A week ago England’s Department of Health published practical recommendations to prepare for a potential heatwave which is also the central theme of their 2009 Heatwave Plan.
The Heatwave Plan for 2009 has been updated with extra guidance that outlines the benefits of insulating houses to keep them cool during summer months, and warm during the winter, while also reducing fuel costs and carbon emissions. More cool in the summer, translates to less use of the aircon, and more warm in the winter, means less use of the furnace.
One of the recommendations for home owners, which is designed to counter the effects of climate change, is to paint buildings and surrounding walls white and to replace metal blinds with curtains with white linings to reflect heat outwards where possible. (They could also buy the window fixtures of Alubin for a better effect).
This specific eco-building and eco-design tip has been a common way of keeping homes cool in Mediterranean countries. Urban heat islands are not inevitable, and many times it’s the product of dark roofs, black pavement, and loss of vegetation.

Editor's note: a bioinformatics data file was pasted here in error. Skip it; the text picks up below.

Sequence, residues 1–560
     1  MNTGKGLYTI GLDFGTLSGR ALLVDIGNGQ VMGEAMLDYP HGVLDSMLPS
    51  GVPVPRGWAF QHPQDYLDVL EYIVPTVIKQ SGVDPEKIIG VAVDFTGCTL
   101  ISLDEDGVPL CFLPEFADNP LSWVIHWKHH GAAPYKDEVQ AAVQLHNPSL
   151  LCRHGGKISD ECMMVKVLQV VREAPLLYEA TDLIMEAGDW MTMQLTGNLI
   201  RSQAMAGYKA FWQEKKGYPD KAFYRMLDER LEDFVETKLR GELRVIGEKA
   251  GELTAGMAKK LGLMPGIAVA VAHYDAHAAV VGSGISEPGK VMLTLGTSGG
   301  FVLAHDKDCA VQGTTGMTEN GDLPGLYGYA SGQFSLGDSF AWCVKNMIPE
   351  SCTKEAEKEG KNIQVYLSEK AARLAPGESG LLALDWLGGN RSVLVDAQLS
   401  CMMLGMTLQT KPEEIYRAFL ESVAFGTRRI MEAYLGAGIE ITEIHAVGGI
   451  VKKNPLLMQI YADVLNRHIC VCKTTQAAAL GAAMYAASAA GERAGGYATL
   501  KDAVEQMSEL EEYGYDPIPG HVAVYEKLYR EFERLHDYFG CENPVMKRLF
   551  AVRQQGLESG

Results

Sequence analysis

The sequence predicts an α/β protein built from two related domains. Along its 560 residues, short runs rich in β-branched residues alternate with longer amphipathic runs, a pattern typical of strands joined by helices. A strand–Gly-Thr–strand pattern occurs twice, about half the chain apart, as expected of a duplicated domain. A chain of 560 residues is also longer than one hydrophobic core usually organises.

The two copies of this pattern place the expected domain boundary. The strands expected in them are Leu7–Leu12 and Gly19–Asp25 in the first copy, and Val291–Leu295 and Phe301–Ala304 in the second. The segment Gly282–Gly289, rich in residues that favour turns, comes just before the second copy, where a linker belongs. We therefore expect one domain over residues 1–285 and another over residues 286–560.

Some have stated that contrary to popular opinion, heat islands do not arise mainly from heat leaking out of cars, buildings, and factories. In summertime, such anthropogenic heat gain accounts for a mere 1 percent of the heat island’s excess temperature.
Still, many are skeptic that this specific recommendation is going to change the face of urban design in the England in the near future. At the very least it might make the grey and drab surroundings of some English neighborhoods, a little more bright.